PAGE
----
|Disability incidence and functional decline among older adults with major chronic diseases
|Year of Publication
|Chronic Diseases, Disability, functional decline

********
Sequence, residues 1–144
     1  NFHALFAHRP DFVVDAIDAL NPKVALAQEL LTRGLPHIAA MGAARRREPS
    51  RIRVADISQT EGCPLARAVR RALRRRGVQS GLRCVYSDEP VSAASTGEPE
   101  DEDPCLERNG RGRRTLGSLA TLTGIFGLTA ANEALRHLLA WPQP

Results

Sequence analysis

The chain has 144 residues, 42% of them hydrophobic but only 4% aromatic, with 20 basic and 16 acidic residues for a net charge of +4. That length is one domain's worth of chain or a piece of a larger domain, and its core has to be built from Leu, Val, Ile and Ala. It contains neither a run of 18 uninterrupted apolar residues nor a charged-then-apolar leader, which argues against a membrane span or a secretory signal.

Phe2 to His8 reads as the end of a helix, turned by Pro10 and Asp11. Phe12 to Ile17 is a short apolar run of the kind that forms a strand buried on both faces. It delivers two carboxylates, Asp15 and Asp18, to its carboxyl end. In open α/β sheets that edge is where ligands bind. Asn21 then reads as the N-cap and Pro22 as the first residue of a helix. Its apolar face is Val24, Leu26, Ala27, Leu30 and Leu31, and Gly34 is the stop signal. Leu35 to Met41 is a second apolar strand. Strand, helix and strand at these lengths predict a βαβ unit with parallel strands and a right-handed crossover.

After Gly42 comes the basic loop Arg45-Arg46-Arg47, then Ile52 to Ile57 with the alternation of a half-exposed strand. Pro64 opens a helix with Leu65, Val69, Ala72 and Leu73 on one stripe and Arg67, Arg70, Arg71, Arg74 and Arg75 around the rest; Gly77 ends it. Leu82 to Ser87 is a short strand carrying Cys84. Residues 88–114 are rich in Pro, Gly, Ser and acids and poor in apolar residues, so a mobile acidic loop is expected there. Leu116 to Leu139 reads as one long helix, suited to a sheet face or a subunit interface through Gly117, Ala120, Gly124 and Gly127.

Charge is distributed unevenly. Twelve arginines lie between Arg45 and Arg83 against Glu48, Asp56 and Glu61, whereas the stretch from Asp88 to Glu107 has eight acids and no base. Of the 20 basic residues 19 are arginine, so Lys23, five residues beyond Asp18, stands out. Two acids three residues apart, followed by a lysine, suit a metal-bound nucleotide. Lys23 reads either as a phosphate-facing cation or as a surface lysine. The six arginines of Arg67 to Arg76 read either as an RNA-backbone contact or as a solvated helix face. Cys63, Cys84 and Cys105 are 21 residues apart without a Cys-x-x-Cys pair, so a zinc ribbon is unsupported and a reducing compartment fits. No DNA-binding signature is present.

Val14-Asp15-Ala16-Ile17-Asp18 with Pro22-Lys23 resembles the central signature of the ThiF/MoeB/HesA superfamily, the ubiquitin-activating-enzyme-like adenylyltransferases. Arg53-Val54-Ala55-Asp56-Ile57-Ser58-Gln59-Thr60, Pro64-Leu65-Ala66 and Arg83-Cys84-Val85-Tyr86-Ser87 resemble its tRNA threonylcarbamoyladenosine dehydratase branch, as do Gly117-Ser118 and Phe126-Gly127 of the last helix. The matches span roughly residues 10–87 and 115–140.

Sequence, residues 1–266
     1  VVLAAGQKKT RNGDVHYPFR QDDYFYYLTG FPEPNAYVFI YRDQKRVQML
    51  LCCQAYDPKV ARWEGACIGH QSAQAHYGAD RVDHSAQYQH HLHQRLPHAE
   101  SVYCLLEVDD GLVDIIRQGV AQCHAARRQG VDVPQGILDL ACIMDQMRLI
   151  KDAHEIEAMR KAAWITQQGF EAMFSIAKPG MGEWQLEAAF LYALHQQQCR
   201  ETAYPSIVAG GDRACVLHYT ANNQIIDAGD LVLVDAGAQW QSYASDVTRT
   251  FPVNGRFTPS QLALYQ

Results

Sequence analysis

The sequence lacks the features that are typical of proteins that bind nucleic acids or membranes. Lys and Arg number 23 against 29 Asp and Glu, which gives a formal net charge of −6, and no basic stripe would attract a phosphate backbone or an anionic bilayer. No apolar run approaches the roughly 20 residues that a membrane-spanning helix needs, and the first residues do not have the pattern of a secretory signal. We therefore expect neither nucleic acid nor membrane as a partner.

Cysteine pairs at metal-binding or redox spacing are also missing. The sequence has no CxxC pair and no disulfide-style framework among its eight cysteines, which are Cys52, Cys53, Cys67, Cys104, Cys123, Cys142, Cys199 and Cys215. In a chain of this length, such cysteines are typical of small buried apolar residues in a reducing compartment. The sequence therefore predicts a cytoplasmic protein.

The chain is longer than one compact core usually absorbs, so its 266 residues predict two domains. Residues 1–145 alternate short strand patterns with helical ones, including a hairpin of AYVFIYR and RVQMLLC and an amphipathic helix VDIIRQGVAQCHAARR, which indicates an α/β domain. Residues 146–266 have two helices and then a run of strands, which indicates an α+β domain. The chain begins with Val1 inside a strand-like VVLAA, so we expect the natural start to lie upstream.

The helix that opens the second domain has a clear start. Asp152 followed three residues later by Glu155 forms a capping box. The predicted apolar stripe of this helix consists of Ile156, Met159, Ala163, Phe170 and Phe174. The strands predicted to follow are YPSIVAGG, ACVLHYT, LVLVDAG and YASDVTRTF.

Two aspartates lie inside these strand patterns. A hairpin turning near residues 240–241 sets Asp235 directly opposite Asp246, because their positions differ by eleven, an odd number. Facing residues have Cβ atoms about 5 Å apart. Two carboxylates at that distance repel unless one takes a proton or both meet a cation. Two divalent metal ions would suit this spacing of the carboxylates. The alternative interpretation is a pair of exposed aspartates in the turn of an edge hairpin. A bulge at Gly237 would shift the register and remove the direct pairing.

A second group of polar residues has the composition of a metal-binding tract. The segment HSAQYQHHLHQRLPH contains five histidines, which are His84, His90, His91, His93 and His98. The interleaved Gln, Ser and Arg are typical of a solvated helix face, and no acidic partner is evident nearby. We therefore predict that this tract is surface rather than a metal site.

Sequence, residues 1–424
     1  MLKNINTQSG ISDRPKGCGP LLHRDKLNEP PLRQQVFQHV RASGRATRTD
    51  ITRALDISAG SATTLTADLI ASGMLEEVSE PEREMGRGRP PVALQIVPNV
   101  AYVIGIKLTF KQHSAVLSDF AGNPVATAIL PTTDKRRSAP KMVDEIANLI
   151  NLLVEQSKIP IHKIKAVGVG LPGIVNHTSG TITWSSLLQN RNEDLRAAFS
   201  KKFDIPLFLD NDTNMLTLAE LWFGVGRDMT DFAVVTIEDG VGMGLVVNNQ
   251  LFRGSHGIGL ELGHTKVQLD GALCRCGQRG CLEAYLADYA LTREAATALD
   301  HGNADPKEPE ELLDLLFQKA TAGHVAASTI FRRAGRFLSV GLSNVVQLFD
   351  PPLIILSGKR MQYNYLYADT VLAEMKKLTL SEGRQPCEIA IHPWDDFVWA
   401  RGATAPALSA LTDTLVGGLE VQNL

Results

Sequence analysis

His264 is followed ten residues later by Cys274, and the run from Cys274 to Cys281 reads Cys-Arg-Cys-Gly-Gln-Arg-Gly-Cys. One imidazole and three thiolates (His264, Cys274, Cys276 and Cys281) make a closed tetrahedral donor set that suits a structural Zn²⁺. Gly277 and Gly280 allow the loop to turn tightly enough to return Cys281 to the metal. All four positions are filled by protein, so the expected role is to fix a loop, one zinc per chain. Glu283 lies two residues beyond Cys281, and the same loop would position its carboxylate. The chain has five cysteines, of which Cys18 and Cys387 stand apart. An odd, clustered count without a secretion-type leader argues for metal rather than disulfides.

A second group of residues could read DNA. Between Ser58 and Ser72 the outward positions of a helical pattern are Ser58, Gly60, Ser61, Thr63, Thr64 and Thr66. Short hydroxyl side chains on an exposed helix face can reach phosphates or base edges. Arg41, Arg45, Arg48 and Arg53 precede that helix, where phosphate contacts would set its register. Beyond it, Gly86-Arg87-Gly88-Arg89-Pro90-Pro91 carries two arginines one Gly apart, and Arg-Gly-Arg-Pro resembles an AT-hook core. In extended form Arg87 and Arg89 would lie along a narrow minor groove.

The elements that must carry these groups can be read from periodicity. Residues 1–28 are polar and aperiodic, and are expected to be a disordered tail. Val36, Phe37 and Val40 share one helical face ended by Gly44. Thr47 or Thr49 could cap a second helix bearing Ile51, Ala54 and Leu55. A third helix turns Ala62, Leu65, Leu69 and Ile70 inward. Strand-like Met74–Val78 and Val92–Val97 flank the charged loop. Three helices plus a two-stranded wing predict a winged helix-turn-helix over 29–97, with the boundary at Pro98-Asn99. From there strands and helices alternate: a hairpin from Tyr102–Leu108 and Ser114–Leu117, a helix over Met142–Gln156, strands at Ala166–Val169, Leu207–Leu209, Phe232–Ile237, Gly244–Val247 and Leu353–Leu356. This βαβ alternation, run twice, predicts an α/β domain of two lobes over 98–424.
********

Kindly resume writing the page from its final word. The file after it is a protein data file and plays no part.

BACKGROUND: More than 80% of elderly Americans have at least one chronic disease. While past studies have shown that hierarchical patterns of functional loss may differ by gender and institutional settings, little is known about whether such patterns differ in relation to chronic health condition. The aim of this study is to investigate the pattern of functional loss among older adults with major chronic illnesses, and to compare their onset and ordering of incident ADL disability with those of persons without such conditions. METHODS: We use a nationally representative sample of persons aged 80+ from the 1998-2014 Asset and Health Dynamics of the Oldest Old survey. The group with major noncommunicable diseases (including cardiovascular disease, cancer, chronic respiratory disease, and diabetes) comprises 3,514,052 subjects, while the comparison group comprises 1,073,263 subjects. Self-reports of having difficulty with six distinct ADLs are used to estimate disability incidence rate. Nonparametric statistical methods are used to derive median onset ages and ADL loss sequence separately for each group. RESULTS: Older adults with major chronic diseases have higher rates of incident disability across all ADL items. Estimated median onset ages of ADL disabilities for the full sample range from 91.5 to 95.6. Disability occurs earlier for chronically ill persons (onset ages 91.1-95.0) than for those in the comparison group (onset ages 93.5-98.1). Among those with major chronic diseases, the ADL loss sequence ordered by median ages of disability onset is bathing, walking, dressing, toileting, transferring and eating. The activities are also distinctly separated into an early-loss cluster and a late-loss cluster. Although the loss sequence derived for the comparison group is largely similar, disability progression for those with major chronic diseases is compressed within a shorter timeframe and the timing gaps between adjacent disabilities are smaller. CONCLUSIONS: Older Americans with major noncommunicable diseases face an earlier and steeper slope of functional decline. Chronic care delivery programs should adapt to dynamic changes in older patients' functional status. Health interventions to help patients delay disability onset and optimize functional autonomy within emerging models of chronic care should especially target early-loss activities such as bathing, dressing, and walking.
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